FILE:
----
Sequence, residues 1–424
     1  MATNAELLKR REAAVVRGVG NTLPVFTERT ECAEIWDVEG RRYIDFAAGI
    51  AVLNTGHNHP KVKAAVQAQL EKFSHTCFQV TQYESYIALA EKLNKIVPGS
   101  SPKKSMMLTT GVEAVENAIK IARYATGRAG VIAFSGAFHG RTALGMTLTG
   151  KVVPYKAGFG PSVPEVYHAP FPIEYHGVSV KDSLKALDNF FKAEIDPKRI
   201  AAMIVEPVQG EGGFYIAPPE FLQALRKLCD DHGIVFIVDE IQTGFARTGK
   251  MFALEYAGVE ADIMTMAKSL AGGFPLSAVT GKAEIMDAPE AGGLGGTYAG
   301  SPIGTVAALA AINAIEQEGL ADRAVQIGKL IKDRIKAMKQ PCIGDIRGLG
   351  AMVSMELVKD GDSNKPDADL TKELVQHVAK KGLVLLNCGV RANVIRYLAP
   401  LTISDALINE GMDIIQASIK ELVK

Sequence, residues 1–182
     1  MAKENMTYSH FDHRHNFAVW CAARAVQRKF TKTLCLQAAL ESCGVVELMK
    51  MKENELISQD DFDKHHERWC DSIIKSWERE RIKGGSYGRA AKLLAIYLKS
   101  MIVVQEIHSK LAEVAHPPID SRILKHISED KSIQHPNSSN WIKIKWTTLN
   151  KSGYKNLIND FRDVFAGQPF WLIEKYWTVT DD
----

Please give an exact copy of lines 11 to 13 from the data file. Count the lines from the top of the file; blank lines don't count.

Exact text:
Sequence, residues 1–182
     1  MAKENMTYSH FDHRHNFAVW CAARAVQRKF TKTLCLQAAL ESCGVVELMK
    51  MKENELISQD DFDKHHERWC DSIIKSWERE RIKGGSYGRA AKLLAIYLKS